How many bad-ass Desi feminist activists can you name? If your answer is “not many,” we’re here to help.
(Content warning: sexual assault, physical assault)
As Women’s History Month continues and we honor all the amazing women — past and present — who are making the world a better place, here are some badass Desi feminist activists to keep your eyes on.
1. Chuski Pop
Creators Sweety and Pappu have brought us the feminist Desi radio show podcast of our dreams. According to their website, the hosts are: “Two Desi chicks riding the fourth wave of feminism in our salwar kameez and golden heels, while flipping birds to aunties and bringing you stories from far-away lands and from our own matru-bhumi.” All topics are on the table, including things good Desi girls aren’t supposed to talk about (*cough*SEX*cough*), and their open, conversational style likely leaves many aunties and uncles sweating with the shame of it all. Check out Scroll.In’s brilliant feature to learn more about these two trailblazing podcastivists.
2. Habiba Nosheen
Winner of an Emmy and Peabody award, Nosheen is a Pakistani-Canadian investigative journalist whose film Outlawed in Pakistan opened at the Sundance Film Festival in 2013. The film follows Kainat Soomro, who at 13 was gang-raped, and dared to seek justice for the crime. The film eventually aired on Frontline, receiving two Emmy noms. It won for Outstanding Research, as well as the Overseas Press Club Award. In 2012, Nosheen’s investigation into sketchy adoption practices in Nepal turned into a PBS special To Adopt A Child, and forced the Nepali government to admit fault. Nosheen has been a co-host of Canadian Broadcasting Corp’s The Fifth Estate since 2016.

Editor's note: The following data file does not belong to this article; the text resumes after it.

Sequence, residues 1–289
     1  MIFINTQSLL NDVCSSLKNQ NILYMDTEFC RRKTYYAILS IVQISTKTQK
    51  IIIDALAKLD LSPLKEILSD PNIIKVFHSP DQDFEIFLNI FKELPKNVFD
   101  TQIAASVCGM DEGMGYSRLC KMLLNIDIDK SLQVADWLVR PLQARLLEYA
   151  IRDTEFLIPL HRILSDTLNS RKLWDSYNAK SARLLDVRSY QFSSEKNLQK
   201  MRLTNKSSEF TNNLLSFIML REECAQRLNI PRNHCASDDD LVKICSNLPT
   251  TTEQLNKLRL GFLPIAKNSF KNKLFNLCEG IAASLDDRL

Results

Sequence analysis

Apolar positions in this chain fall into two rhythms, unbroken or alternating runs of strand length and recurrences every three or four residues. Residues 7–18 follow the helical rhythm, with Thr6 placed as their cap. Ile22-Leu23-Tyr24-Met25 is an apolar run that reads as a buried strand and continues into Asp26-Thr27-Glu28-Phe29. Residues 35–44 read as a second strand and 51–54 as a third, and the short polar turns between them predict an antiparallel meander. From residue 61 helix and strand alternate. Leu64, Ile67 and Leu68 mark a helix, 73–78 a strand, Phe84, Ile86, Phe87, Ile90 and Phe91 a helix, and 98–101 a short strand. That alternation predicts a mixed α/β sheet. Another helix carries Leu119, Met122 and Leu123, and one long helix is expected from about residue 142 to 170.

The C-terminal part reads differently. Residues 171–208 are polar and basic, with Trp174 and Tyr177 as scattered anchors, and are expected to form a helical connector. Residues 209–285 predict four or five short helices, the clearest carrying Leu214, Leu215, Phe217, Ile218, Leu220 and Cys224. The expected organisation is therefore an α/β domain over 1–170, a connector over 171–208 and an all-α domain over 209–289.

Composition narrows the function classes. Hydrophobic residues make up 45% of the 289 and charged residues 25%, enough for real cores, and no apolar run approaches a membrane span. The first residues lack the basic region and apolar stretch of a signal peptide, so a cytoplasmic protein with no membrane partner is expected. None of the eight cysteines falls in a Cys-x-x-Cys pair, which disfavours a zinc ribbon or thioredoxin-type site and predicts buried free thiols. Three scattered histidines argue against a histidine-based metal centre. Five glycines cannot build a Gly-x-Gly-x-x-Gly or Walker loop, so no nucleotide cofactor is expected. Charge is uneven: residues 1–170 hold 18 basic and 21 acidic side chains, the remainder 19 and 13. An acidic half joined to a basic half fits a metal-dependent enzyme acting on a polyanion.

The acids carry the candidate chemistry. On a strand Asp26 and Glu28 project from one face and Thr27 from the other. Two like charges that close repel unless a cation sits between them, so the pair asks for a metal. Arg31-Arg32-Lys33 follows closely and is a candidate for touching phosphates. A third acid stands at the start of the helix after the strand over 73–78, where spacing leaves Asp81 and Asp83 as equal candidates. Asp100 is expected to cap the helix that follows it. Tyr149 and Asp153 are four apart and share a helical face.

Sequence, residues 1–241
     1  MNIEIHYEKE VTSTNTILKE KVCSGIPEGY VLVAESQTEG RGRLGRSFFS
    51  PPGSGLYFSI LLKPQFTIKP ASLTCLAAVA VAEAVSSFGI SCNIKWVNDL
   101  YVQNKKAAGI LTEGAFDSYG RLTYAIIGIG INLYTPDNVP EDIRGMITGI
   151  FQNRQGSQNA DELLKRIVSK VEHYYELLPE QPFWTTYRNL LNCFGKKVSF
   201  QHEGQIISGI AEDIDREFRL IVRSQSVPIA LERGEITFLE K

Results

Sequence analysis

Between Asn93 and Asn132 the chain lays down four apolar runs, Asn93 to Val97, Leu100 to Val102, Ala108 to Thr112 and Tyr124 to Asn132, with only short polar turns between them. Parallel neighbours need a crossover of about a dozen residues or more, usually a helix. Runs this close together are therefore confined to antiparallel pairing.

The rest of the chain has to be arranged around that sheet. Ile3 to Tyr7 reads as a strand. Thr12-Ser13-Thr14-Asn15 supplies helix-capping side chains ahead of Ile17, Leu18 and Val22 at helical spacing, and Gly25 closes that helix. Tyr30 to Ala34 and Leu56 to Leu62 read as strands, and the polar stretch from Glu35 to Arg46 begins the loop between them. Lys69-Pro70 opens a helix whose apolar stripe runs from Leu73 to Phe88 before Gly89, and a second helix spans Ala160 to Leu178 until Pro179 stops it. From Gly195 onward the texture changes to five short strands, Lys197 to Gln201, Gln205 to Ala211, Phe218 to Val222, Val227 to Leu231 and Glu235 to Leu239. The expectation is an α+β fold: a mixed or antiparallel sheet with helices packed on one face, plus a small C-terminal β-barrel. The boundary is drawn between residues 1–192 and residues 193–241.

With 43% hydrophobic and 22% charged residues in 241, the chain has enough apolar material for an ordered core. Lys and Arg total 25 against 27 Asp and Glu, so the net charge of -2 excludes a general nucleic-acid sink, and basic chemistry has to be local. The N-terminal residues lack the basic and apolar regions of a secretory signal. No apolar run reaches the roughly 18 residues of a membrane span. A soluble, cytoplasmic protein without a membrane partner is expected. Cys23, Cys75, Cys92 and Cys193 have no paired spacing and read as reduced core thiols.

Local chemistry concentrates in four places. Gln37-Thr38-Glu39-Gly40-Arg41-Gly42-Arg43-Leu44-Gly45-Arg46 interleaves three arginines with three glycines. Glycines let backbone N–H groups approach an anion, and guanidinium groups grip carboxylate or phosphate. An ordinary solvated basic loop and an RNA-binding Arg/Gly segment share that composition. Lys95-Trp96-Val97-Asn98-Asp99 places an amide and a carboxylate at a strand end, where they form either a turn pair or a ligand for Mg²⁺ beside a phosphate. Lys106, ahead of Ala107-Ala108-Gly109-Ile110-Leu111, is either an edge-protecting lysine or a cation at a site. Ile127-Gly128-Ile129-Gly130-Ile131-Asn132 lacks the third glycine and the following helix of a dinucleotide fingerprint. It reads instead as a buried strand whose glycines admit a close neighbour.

3. Mukhtaran Mai
Mai is another example of a woman fighting back against the cruelty of patriarchal and conservative culture. In 2002, she survived a so-called “revenge gang rape” — an archaic method of dispute settlement between clans — and, instead of quietly living out her life in shame as women in Pakistan (and South Asia as a whole) are expected to do, she prosecuted her attackers. Mai founded the Mukhtar Mai Women’s Organization, a multi-pronged women’s empowerment group that provides a school, a women’s shelter and resource center, organizes community volunteers, and performs other advocacy work. To promote her foundation as well as stand for all rape survivors, Mai walked the catwalk during Fashion Pakistan Week 2016, sparking anew conversations about sexual violence against women in Pakistan.
4. Sharmila Nair
Indian fashion designer Sharmila Nair broke the mold when she not only booked two transgender models for her recent fashion line, she even designed the collection inspired by India’s transgender community. While hijra have a long history in India, the community is still very much marginalized and often shunned. Nair had heard about the Indian government’s steps forward to protect the rights of its transgender community, and Nair wanted to get involved as well. Nair’s fashion label Red Lotus is based out of Kerala.
5. Pink Ladoo